Tuesday, August 12, 2008

HAL: fixed device locking

Some days ago I had a discussion with Matthias Kretz at the Akademy 2008 about HAL, the handling of audio devices in HAL and the needs/requirements from the perspective of phonon.

One aspect was that phonon needs to find out of some other tool already uses a audio device. The HAL device locking would be a solution to detect this. I took a look at the HAL code for device locking and while playing around with the interfaces I wondered why it didn't work as it should. The lock information (info.locked* keys) where never removed if the lock owner died or exited without unlock the interface again. The handling was also broken if someone requested more than one lock (e.g. two or more different devices).

I really wonder why there was only one bugreport about problems with device locking (if the lock owner dies). Did nobody ever used these interfaces?

I've wrote a quik patch to solve these problems. As first I changed the hashtable which contains the lock info from key={lockowner}/value={device} to key={lockowner}/value={list of devices} so that locking multiple devices is now possible. And the other part of this patch is to remove the lock based on the old_service_name (and not the new_service_name) on NameOwnerChanged events from DBus to solve the 'lock owner died' problem.
Tech Tags:


Sven said...

Would this explain why I never get sound for my local install of KDE 4.1, while the system-wide is up and running?

Kevin Kofler said...

IMHO all this is just broken by design. Apps must be able to play sound concurrently, every solution relying on locking is solving the wrong problem. The right solution is to use mixing, either with dmix or with a sound server such as PulseAudio. Only the sound server should be accessing the hardware directly. In the dmix case, nothing should be doing that, as ALSA handles it internally. PulseAudio looks like the best solution at the moment, because it has not only an ALSA plugin very similar to dmix, but also a native protocol and ESD emulation. Fedora uses PulseAudio by default throughout.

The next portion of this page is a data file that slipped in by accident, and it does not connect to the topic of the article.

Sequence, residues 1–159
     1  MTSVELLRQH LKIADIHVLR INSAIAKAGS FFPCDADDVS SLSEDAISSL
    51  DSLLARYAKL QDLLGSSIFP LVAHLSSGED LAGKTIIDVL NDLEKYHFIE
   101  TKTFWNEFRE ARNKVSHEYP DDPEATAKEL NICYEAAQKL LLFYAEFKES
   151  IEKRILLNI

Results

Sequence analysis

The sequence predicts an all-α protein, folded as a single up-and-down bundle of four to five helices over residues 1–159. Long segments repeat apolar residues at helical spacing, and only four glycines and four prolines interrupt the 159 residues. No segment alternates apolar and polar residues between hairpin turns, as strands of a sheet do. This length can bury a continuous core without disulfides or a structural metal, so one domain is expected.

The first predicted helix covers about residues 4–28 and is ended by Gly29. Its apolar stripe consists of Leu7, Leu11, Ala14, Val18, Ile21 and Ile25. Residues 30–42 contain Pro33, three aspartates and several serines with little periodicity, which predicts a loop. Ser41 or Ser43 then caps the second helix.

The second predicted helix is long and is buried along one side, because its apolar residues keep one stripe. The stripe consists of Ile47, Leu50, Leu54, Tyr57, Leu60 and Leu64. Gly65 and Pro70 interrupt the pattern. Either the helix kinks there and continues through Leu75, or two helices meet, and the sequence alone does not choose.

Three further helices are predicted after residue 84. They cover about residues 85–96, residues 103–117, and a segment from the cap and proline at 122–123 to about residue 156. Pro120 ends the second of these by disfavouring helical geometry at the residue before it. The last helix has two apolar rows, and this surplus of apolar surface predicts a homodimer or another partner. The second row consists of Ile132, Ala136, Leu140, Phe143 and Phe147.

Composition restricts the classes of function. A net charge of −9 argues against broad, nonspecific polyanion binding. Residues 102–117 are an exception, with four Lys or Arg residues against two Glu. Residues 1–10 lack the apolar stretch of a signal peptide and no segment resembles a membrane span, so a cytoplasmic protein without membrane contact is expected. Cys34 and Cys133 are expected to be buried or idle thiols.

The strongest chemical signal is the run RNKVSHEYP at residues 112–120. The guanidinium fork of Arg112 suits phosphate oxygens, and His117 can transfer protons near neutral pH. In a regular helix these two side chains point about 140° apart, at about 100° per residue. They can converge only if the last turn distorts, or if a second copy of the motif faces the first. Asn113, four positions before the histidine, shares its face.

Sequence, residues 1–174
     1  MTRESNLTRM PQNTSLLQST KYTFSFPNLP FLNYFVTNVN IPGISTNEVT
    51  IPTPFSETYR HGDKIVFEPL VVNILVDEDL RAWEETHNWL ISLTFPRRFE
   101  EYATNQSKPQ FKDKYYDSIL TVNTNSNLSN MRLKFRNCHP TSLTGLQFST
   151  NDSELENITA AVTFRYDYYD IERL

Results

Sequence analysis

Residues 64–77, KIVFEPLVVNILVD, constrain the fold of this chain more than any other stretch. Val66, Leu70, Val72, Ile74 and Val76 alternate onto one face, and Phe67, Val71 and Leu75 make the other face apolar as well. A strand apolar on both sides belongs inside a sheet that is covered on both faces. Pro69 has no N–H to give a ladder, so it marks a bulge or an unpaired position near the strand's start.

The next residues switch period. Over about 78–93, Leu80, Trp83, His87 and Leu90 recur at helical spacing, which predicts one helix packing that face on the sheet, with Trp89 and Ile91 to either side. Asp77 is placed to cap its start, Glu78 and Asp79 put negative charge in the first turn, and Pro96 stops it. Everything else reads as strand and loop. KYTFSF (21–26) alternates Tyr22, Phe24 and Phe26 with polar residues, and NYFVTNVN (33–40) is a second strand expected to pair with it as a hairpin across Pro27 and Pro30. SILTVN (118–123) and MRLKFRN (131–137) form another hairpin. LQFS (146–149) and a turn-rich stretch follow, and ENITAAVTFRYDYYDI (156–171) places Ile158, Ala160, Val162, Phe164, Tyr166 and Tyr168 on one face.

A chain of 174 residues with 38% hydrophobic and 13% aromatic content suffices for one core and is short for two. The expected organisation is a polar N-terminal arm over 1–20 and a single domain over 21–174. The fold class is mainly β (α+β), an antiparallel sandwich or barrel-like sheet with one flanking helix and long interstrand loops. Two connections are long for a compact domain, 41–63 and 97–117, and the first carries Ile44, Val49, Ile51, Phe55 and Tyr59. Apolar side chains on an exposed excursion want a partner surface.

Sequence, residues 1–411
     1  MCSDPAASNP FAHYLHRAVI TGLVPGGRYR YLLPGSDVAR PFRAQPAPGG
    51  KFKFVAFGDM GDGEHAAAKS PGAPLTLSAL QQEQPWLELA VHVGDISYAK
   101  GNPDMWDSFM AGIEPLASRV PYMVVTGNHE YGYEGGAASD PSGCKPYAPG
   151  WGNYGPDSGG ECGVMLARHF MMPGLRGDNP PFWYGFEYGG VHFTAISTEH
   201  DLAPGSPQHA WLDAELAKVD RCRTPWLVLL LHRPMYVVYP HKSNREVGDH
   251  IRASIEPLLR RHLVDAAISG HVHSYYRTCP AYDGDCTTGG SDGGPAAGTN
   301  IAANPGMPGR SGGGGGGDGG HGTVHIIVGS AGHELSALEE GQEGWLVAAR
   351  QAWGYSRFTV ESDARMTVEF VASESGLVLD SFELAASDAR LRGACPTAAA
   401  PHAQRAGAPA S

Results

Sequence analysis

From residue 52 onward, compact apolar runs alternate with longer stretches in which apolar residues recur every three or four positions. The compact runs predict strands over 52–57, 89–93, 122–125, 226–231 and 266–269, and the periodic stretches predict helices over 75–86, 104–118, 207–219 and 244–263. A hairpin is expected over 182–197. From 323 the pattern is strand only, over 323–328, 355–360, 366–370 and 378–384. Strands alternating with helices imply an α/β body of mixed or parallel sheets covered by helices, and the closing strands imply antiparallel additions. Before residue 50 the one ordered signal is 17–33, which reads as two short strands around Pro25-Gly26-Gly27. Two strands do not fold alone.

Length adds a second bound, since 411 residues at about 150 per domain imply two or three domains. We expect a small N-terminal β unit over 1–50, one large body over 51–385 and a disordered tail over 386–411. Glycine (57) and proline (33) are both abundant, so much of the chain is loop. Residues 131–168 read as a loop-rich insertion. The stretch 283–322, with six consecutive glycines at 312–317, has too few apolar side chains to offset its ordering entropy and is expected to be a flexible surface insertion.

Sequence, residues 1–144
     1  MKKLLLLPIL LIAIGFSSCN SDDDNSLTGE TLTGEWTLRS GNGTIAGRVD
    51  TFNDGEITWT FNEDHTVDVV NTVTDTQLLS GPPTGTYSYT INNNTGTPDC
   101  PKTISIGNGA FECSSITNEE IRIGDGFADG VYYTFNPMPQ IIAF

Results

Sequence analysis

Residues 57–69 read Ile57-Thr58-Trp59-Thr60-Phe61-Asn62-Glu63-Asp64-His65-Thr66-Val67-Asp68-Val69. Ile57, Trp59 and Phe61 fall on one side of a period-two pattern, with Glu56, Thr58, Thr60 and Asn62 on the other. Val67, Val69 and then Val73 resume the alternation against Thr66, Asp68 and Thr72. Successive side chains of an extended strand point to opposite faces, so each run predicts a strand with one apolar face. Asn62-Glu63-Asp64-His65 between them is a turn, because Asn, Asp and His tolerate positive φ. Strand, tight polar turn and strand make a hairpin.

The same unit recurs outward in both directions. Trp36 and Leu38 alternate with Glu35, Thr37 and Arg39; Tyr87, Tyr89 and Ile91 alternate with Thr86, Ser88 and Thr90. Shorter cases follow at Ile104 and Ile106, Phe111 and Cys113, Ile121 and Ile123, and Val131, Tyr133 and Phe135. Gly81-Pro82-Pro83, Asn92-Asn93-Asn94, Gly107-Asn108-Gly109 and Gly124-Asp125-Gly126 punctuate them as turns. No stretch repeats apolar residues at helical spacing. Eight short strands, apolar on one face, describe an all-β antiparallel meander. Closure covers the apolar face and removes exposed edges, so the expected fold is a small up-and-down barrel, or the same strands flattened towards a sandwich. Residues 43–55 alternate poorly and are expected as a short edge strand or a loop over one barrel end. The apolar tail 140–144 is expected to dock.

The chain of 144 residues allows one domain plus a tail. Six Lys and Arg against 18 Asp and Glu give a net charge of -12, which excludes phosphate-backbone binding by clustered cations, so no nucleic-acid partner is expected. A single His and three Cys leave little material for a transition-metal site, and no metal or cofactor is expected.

Kevin Kofler said...

Oh, and PulseAudio also supports network transparency.

Matthias Kretz said...

Hi Kevin,

that's a misunderstanding of what this sound device locking can be useful for. Of course we normally want to use pulseaudio or dmix to access the device. But there's also jack or other low-latency applications that might want the direct hw access. In that case it would be nice of them to tell everyone else via HAL that they grabbed the device for themselves so that the application can either tell the user why it cannot use the soundcard (and how to fix it) or just use a jackd connection to do its work.

PulseAudio also wants to use the hw access, so it would lock the HAL device, too. And then other apps would know they can't use dmix but pulse.

OTOH an application playing with dmix won't lock the device...